There are certain habits that make things way easier, these habits are more important than others, these habits are called keystone habits. Keystone habits create a foundation from which you can make even bigger and more positive changes. Mastering the right keystone habit can transform your life.

We have habits everywhere in our lives and we build new habits all the time (both good and bad!). We use these habits to support our daily lives. These habits make our lives easier, you don’t have to think about what you’re doing, it just comes naturally.

Having a solid keystone habit will create a foundation from which you can make even bigger changes. Eating right, getting regular exercise, sleeping eight hours per night, these are all keystone habits that create a solid foundation from which you can make even more positive changes in your life.

The best part about keystone habits is that once they’re established they don’t take much effort to maintain.

When it comes to personal finance there are 4 important keystone habits. Once these habits are established they create a ripple effect through the rest of your personal finances.

If you practice these four keystone habits then there is nothing you can’t achieve with your personal finances!

Three Ways To Spot A “Bad” Financial Plan

Three Ways To Spot A “Bad” Financial Plan

As an advice-only financial planner we often see financial plans created by the big financial institutions. We provide a second opinion to new clients who have created one of these financial plans. These clients have received a financial plan from their investment advisor, or sometimes a separate financial planner within the bank, but they’re skeptical of the results and the recommendations.

Often, they want more detail, more discussion, more process, more scenarios, more peace of mind etc. They want an unbiased second opinion.

Now let me preface this blog post by saying there are many excellent financial planners at the big banks. In fact, many have moved into advice-only financial planning where they can spend more time doing financial planning instead of selling products. The problem is that, for the most part, the financial services industry doesn’t prioritize financial planning.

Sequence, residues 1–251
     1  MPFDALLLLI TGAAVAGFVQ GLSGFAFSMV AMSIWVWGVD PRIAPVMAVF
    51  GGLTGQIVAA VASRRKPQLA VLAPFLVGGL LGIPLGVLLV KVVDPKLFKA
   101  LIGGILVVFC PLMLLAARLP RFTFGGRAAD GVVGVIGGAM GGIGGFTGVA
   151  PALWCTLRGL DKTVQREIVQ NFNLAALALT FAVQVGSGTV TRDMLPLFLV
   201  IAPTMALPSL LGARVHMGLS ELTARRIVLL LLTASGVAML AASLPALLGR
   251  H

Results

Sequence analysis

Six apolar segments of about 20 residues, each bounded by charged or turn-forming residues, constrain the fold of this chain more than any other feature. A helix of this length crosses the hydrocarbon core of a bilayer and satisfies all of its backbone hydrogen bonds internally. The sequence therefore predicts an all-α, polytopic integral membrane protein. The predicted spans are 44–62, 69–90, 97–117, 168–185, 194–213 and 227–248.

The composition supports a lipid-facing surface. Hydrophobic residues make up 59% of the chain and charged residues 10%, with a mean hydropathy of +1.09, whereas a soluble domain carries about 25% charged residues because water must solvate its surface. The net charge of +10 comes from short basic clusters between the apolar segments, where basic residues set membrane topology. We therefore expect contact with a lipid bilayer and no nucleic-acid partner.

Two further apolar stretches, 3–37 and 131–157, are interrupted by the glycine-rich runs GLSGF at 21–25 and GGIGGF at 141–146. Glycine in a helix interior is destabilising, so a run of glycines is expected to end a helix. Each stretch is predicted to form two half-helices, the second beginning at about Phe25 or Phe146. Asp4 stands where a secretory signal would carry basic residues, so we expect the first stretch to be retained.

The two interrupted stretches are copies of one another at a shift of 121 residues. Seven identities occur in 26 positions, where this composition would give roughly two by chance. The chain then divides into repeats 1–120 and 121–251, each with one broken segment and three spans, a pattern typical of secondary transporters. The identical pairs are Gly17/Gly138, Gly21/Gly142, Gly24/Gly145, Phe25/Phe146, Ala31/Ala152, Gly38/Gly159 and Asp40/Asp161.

Planning is not their product, investments, insurance, and mortgages are their product, and unfortunately, financial planning is sometimes just barely good enough to secure a new client or keep an existing one. There is often a lack of tools, time, or process to create a really detailed financial plan.

So, when reviewing a generic “bank plan” and helping clients build a new one there are a few things to look out for. These things are signs that perhaps the financial plan needs a bit more work.

There are three ways to spot a “bad” financial plan.

The CPP Max Will Be HUGE In The Future

The CPP Max Will Be HUGE In The Future

Did you know that the Canada Pension Plan (CPP) is getting bigger? Every year since 2019 CPP has been expanding and it will continue to expand for the next 40+ years until 2065. By the end, CPP will be HUGE!

CPP is an important retirement benefit. The old “base” CPP aimed to replace 25% of pre-retirement employment income. The new “expanded” CPP will increase this amount to 33.33% and will cover a larger amount of pre-retirement of income. The result is that CPP will be over 50% larger in the future.

If we follow the rule of thumb* that suggests that we need 70% of pre-retirement income in retirement, then for the average Canadian the new expanded CPP could provide nearly half of retirement income in the future. When combined with OAS this means that over half of retirement income could be covered by CPP and OAS combined.

And if we consider that the maximum annual CPP payment could be over $7,000 per year higher in the future (and over $14,000 per year for a couple), that could mean the average Canadian needs to save hundreds of thousands less for retirement.

In this post we’ll look at the current maximum CPP payment, the maximum CPP contribution, the current contribution rate, and how these will change in the future as CPP expands. We’ll also look at how the current “base” CPP will grow by over 50% in the future…